Is it just me, or has this culture of comparison we’ve created seemed out of control lately?
I first noticed this phenomenon when a friend was planning a birthday party for her toddler. We were talking about decorations and she said, “You know, there’s a lot of pressure when you’re planning a two-year-old’s birthday party, what with Pinterest and everything.”
She said it jokingly, but I knew there was an element of truth in it.
I didn’t realize how bad it was until I started seeing other friends who have kids posting links to articles about not feeling like a bad mom because you didn’t send homemade valentines to your child’s class or that you didn’t sew all of his baby clothes into a quilt or that you had an epidural and gave birth lying down.
Wait, what? Can we have a moment of silence in remembrance of sanity?
I don’t have kids of my own, so I’ve been observing this motherhood comparison from the outside. It saddens me. Parenting is stressful enough; do we really need to add an element of comparison? And it isn’t limited to parenting; we’re tempted to compare our homes, our lifestyles, even ourselves.
I’m tempted to blame social networking–I mean, we didn’t have public records of two-year-old’s birthday parties before Pinterest and Facebook, did we?–but that isn’t really to blame.
We’ve created this culture. Every time we compare ourselves to someone else, we’re adding to the problem. Not only do we feel badly about ourselves, we also make the problem worse simply by keeping it around.
Comparison often leads to another negative experience we’ve created for ourselves: competition. As soon as we get wrapped up in comparing ourselves to others, we start falling down that slippery slope to competition.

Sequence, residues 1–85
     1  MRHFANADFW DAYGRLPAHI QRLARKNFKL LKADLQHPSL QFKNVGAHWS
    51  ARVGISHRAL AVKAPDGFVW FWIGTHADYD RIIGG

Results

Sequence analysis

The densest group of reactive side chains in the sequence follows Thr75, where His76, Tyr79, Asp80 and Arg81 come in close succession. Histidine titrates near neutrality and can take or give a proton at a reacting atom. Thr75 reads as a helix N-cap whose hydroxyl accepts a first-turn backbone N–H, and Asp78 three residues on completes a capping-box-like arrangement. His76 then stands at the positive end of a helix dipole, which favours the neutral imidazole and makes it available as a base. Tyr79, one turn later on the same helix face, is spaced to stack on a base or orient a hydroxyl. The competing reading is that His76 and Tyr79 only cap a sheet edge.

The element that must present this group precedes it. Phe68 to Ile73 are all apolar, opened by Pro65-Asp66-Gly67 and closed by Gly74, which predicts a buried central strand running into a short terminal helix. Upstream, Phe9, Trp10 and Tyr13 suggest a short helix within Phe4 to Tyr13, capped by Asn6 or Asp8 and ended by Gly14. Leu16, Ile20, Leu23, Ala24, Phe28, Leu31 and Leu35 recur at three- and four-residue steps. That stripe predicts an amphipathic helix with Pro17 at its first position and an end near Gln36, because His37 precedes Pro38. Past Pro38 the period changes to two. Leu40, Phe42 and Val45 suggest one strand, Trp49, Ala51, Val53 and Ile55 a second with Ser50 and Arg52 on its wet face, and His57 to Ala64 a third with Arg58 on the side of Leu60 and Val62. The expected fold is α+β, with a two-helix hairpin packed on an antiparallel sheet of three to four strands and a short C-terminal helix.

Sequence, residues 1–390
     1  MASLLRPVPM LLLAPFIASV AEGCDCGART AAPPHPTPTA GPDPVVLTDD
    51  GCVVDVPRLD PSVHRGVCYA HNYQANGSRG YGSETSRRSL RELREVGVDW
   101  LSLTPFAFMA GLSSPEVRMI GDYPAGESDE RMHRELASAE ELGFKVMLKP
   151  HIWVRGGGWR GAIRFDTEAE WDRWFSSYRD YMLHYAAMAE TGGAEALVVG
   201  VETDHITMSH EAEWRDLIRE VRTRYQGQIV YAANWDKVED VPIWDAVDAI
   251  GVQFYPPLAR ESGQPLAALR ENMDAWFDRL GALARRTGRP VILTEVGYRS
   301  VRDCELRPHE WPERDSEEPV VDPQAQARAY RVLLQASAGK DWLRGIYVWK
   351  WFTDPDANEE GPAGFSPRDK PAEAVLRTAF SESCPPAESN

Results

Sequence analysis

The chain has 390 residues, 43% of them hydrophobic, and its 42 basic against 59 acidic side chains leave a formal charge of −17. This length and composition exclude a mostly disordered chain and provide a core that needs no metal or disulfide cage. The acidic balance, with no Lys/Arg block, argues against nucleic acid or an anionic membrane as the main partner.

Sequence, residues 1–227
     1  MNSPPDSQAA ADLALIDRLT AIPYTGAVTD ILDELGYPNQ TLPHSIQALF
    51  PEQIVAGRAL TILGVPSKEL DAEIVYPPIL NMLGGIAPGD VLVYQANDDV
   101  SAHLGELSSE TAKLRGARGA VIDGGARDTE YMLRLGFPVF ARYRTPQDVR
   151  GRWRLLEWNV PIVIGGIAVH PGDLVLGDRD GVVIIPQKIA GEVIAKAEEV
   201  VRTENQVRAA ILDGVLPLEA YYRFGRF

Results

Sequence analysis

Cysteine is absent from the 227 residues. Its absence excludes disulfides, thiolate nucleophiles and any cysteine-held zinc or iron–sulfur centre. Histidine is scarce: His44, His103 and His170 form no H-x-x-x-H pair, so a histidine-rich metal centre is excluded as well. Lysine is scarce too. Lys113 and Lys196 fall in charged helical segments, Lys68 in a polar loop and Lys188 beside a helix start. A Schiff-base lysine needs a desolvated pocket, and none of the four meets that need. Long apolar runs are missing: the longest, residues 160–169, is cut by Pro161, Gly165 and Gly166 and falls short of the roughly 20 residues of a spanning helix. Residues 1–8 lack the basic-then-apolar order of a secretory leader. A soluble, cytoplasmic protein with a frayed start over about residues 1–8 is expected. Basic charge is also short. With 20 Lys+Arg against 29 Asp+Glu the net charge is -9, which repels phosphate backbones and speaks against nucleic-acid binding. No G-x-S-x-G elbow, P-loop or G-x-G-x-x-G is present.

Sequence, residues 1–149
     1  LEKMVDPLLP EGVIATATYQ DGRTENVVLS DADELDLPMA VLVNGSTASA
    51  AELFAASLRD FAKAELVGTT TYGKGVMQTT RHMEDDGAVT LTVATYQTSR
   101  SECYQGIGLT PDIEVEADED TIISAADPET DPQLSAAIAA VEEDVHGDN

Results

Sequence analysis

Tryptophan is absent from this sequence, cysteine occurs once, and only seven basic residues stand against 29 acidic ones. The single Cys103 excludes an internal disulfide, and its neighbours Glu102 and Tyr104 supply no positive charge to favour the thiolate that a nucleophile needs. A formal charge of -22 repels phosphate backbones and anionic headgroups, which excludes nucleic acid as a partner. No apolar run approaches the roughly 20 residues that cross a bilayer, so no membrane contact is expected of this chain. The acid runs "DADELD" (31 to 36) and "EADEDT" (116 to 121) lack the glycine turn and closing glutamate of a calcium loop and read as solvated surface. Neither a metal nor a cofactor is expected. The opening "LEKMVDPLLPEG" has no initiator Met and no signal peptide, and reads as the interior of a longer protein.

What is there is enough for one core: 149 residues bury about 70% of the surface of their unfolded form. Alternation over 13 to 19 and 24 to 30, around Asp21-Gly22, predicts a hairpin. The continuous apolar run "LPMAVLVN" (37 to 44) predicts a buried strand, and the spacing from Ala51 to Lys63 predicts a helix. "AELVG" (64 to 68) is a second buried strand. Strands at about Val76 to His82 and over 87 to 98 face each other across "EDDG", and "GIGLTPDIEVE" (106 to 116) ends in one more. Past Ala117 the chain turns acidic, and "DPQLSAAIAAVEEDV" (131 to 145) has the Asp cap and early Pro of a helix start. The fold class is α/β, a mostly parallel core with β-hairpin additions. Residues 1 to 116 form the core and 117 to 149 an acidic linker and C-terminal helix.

Once we start competing with one another, whether it be for nicest home, best family photographs, or prettiest blog, we lose the point of those things in our lives.
Your home is supposed to be where you relax, where you feel safest and coziest, where you surround yourself with people and items that restore you and bring out the best in you. Your home is where you should be able to escape from the outside world, not compare yourself to it. But don’t we often feel as though it should be a page out of a Pottery Barn catalog, Instagrammed for the world to admire?
Your family photographs are meant to help you remember important times in your family’s life together. Your kids should be able to look at these pictures when they’re older and see what they looked like–and you looked like!–years ago. You should look at these pictures and feel joy and nostalgia, not worry about the lighting or that your teeth weren’t white enough. But don’t we feel inclined to hire photographers who will fix all our blemishes and flyaways, leaving our Facebook friends wondering how we manage to look so perfect?
And your blog? What is it meant to be? Well, that’s up to you! One of my favorite things about reading the blogs I read is that they are all true, genuine reflections of the people who write them. I’m pretty selective when it comes to blog-reading, mostly because I have a limited amount of time for this activity, and the blogs I read are the ones that seem real to me, not the ones that seem too put-on or “for show” (and I have a sneaking suspicion that many of those may exist because their writers feel like less than enough, which hurts my heart).
Once we start making our homes look like Pinterest project museums and thinking about our family photographs in terms of what we’ll include on a Christmas card, we’re missing the point. And once our blogs become less about what we value and more about what we think will bring readers and income, we’re underestimating ourselves and our stories.
So if you’ve been caught in the spiral of comparison and competition, free yourself from it. Just free yourself. Avoid what you feel inclined to compare yourself to and start doing what you can to appreciate what you have. My biggest aid in this is gratitude journaling, but I’m curious to hear what works for you, so please share.
And how about this: how about we pledge to end this culture we’ve created? Sure, each of us is just one person, but if one person at a time decides to stop comparing and competing–and to stop the showing-off that often stems from that–we can end this. Are you up for it?